Remembering 9/11

Today is the eleventh anniversary of an event we cannot and should not ever forget: September 11.

To remember those lost in the attacks in New York, Duke Democrats and Duke College Republicans jointly painted the East Campus Bridge. We hope that our visual reminder will move students and others on campus—although they may be busy, tired and stressed—to think just for a minute about what was destroyed that day, and how it changed all of us.

The strange thing about remembering September 11, I think, is that it’s something Americans—and people anywhere in the world, for that matter—do collectively through ceremonies, telling stories, or even just watching the news together as broadcasters list names of the deceased. But remembering 9/11 is also highly personal. I remember exactly what I was doing when I first heard about the attacks, and I recall every detail of the thoughts that ran through my head, even though I was only 10 years old at the time. That acute remembrance seems to be the norm. I think all the friends and acquaintances I’ve ever discussed 9/11 with also clearly remember the moment when they heard about the towers falling—even if many would like to forget.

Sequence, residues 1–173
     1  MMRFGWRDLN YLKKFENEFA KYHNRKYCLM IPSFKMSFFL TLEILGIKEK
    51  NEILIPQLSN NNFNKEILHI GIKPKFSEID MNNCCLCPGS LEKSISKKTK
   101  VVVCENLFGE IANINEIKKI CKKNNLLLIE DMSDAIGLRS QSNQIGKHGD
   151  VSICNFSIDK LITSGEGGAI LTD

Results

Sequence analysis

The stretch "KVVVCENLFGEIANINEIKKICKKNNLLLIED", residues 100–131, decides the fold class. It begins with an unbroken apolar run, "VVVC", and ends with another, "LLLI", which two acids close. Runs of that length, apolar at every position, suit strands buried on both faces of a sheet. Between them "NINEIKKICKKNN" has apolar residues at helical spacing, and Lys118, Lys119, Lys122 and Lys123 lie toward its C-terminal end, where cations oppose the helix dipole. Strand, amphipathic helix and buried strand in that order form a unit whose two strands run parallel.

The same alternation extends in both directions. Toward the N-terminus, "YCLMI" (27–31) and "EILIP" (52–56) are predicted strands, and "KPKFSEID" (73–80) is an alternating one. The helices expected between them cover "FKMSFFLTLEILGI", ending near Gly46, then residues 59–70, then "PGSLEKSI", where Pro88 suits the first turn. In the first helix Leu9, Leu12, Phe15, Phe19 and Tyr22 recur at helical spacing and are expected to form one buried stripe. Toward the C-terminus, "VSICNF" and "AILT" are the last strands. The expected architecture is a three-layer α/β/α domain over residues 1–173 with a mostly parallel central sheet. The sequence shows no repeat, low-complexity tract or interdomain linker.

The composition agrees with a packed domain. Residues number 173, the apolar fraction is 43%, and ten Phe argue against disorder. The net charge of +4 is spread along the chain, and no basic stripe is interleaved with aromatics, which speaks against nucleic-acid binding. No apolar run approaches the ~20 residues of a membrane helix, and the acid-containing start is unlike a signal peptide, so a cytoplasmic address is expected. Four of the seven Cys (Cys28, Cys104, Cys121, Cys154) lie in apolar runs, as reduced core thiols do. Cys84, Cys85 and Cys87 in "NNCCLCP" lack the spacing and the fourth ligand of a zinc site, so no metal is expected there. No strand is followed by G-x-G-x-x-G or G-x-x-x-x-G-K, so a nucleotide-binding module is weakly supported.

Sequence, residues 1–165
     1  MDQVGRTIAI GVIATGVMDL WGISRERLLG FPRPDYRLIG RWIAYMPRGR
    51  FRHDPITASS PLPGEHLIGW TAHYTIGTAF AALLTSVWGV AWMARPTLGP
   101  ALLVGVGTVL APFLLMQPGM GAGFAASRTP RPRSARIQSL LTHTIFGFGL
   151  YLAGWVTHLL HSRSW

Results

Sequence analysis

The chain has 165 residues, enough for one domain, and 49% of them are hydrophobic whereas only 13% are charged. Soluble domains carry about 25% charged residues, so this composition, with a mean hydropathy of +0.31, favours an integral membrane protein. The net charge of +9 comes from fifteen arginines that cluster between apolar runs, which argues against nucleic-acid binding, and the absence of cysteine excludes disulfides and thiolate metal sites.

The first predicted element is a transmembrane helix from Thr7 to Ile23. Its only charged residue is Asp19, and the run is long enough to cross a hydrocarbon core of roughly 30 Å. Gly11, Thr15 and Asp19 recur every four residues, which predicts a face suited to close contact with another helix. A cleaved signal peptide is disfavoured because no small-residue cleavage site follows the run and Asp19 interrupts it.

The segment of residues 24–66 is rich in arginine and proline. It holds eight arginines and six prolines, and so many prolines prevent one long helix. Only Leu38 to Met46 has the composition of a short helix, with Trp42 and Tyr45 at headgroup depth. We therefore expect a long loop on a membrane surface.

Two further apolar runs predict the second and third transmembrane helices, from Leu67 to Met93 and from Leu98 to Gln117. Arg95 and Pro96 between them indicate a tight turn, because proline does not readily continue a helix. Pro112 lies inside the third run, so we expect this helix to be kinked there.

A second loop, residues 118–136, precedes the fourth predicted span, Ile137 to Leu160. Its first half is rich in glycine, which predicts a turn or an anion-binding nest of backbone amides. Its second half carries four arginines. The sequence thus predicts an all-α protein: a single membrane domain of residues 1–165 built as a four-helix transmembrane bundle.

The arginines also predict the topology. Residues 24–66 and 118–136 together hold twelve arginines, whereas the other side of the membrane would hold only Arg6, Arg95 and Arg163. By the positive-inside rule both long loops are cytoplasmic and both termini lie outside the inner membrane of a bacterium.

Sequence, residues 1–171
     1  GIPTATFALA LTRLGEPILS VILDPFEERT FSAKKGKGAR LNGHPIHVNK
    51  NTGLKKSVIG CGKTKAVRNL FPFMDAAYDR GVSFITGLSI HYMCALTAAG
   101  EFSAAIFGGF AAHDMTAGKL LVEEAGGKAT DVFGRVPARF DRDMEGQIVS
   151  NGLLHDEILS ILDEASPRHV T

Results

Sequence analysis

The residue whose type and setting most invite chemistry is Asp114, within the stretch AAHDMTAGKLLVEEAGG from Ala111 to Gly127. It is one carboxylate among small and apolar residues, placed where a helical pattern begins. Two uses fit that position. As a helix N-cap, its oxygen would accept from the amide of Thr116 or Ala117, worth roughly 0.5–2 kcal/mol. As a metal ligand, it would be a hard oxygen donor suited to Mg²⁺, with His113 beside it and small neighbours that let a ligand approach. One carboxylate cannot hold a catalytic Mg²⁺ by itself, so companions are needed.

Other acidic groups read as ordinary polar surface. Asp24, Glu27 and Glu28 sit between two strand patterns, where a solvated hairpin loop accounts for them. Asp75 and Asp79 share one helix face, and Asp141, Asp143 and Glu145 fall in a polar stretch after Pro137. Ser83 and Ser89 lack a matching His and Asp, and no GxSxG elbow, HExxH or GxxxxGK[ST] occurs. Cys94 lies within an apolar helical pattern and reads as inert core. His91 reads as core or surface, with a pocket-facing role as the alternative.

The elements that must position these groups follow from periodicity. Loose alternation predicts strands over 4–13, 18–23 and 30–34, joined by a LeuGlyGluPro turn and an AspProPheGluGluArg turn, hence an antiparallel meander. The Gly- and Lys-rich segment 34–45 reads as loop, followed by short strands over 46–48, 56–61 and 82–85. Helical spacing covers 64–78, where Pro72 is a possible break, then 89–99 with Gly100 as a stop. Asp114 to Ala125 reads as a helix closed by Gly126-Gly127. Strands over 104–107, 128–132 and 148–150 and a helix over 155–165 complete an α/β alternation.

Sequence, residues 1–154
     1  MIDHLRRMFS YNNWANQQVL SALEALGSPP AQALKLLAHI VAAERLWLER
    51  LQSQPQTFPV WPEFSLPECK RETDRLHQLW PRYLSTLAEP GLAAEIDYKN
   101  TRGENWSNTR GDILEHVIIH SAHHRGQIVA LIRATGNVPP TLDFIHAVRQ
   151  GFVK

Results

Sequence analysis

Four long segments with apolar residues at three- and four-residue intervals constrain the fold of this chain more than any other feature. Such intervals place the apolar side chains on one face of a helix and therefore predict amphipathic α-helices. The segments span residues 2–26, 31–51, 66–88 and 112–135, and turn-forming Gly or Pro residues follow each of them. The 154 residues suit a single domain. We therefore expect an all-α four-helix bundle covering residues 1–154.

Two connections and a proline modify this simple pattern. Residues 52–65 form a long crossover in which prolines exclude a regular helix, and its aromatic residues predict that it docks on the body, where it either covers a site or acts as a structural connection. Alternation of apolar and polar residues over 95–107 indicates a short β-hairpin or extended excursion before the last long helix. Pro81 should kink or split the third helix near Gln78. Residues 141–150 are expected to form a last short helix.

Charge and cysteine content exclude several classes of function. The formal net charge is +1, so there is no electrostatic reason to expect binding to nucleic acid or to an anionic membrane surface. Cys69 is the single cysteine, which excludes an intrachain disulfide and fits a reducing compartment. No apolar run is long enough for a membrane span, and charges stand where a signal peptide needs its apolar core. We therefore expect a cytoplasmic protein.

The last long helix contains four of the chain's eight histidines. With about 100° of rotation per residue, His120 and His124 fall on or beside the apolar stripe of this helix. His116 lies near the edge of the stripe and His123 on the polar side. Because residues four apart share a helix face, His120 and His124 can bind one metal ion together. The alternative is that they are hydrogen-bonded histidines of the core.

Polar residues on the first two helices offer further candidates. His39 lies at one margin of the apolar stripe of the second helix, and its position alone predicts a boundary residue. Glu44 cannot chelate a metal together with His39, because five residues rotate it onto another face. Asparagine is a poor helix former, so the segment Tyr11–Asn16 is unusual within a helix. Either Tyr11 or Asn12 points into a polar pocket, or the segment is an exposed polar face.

The ten-year anniversary commemoration, which happened last year, was also a big event for many. I was studying abroad in Italy at the time, but one of my roommates and I watched the coverage online. It was a strange sensation: being so far from home, but feeling, at least for that one day, so tied to my home country and so American. It was especially moving to watch it with my roommate, who is a student at Columbia University. Even though he wasn’t in New York in 2001, he considers the city to be his home.

Like the East Campus Bridge, I hope this blog post will help you take a moment out of your day to think about 9/11, to reflect. Please feel free, also, to share your memories in comments below.

Published by Maggie Spini

Maggie Spini is a senior at Duke University, majoring in English.

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